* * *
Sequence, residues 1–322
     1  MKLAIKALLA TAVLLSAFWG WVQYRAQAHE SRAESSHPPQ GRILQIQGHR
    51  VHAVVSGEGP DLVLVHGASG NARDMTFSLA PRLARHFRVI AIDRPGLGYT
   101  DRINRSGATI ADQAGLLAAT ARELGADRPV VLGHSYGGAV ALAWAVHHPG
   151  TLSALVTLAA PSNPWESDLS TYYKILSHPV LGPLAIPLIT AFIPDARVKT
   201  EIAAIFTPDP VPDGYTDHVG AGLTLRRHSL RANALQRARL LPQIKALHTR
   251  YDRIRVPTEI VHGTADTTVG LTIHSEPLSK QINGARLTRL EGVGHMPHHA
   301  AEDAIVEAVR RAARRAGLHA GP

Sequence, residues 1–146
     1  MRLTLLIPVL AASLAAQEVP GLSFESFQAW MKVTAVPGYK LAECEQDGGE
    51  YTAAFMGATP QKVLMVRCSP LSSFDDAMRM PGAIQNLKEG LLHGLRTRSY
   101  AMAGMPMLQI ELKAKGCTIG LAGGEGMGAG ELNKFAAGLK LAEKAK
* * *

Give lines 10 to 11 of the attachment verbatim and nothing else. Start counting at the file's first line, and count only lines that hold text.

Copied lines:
     1  MRLTLLIPVL AASLAAQEVP GLSFESFQAW MKVTAVPGYK LAECEQDGGE
    51  YTAAFMGATP QKVLMVRCSP LSSFDDAMRM PGAIQNLKEG LLHGLRTRSY